Three critical factors to keep on an eye on for global oil and gas markets: how Western sanctions against Russian-supplied energy play out; the Biden administration’s policy to weaken the grip of Russian energy over Europe; and how Russia responds to its adversarial energy trading partners.
Economic battles that spin out of control create the potential for oil to shoot up to $185/bbl—a level that experts say would trigger a global recession. That is a worst-case scenario, but one that was acknowledged by analysts from both the International Energy Agency (IEA) and J.P. Morgan at a March 23 conference hosted by Rice University’s Baker Institute for Public Policy.
Sanctions against Russia
Since Russia invaded Ukraine more than a month ago, Western countries have engaged in sanctions both against the country itself and individual Russians, particularly oligarchs and politicians. These are intended to restrict Western exports and cut off Russia from the international financial system.
But there is another type of sanction, a form of patriotic action in oil markets known as self-sanctions, that manifests in refusing to import Russian fossil fuels and related products.
On March 25, European patriotism found its limit when the EU decided not to pursue that strategy. Doing so would have had devastating consequences because, as recently as 2019, Russia supplied 29% of Europe’s crude imports and 51% of its petroleum product imports, according to BP.
Still, Shikha Chaturvedi, head of global gas strategy at J.P. Morgan, said she expects limited self-sanctioning to ultimately take 1 MMbbl/d of Russian oil off the markets permanently as buyers pursue other sources.
That is the chief factor that is driving J.P. Morgan’s price forecast for the second quarter, Chaturvedi said. “We’re already at $120 and we can still go higher from here.”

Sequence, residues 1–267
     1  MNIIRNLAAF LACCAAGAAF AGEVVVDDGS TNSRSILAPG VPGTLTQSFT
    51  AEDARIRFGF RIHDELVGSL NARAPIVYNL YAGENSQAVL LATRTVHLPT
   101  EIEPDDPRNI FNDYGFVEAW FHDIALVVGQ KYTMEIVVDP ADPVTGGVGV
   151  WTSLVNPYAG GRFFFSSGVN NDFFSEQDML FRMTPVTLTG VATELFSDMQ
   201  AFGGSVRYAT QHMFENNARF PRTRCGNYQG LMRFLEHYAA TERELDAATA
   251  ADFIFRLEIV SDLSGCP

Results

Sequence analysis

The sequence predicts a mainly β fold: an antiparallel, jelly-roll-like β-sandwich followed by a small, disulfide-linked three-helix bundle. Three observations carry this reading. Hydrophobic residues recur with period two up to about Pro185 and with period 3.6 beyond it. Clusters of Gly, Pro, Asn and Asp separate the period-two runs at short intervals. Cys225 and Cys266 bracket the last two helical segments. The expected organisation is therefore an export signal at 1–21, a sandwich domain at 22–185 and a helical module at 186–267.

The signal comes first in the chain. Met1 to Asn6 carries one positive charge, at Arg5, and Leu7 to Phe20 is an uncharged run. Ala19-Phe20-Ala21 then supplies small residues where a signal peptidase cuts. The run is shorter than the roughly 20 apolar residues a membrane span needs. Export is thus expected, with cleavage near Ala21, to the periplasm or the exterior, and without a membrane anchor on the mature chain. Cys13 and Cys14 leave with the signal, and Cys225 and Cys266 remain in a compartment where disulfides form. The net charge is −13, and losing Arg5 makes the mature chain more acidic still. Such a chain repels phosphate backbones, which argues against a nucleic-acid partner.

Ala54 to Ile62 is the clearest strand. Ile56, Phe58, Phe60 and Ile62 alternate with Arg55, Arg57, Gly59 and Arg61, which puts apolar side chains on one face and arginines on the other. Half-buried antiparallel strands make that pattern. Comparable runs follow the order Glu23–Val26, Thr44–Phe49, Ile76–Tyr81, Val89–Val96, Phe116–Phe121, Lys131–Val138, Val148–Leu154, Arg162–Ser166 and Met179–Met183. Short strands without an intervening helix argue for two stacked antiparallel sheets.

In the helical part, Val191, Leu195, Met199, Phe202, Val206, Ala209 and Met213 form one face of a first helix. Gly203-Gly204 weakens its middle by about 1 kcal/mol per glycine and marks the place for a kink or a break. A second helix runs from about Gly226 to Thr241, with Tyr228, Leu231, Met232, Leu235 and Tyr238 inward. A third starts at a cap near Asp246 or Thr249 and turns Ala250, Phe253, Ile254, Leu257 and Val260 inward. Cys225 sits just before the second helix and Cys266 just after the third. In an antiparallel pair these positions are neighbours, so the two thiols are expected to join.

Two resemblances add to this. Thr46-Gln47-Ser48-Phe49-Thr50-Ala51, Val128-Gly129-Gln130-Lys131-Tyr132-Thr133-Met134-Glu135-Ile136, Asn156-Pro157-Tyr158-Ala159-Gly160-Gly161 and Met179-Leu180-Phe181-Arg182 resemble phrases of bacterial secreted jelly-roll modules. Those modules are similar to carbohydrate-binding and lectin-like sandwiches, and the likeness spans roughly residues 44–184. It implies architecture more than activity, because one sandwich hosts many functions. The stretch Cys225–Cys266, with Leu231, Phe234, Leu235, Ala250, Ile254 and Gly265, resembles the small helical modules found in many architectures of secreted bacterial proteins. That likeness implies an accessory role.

WTI fell to $103.40/bbl and Brent fell to $109.70/bbl on March 28 as concerns over COVID lockdowns in China’s most populous city of Shanghai spooked the markets.
Self-sanctions are particularly difficult in Europe because of a critical shortage of diesel. Diesel has long been popular in Europe because tax incentives made it cheaper than gasoline. The share of new cars with diesel engines in the EU shrunk from 52% in 2015 to 32% in 2019, according to Statista, but that is still a large share of the auto fleet. As a result, ending Russian imports of 760,000 bbl/d of gasoil and diesel is a non-starter in Europe.
On March 25, President Joe Biden and European Commission President Ursula von der Leyen announced a task force to both diversify LNG supplies and, ultimately, to reduce demand for natural gas. The plan begins with the U.S. supplying 15 Bcm of LNG this year and working with EU members to reduce the greenhouse gas intensity of LNG infrastructure and pipelines.
“It’s always been a balancing of addressing climate change while meeting our current energy needs and this announcement reflects that balancing act,” Jeff Nichols, partner and co-chair of the Haynes and Boone LLP energy practice group, told Hart Energy. “They put a thumb on the scale a little bit on the U.S. E&P side in terms of near-term needs. But in the long term, it still seems focused on long-term efforts to reduce climate change and reduce fossil fuel consumption.”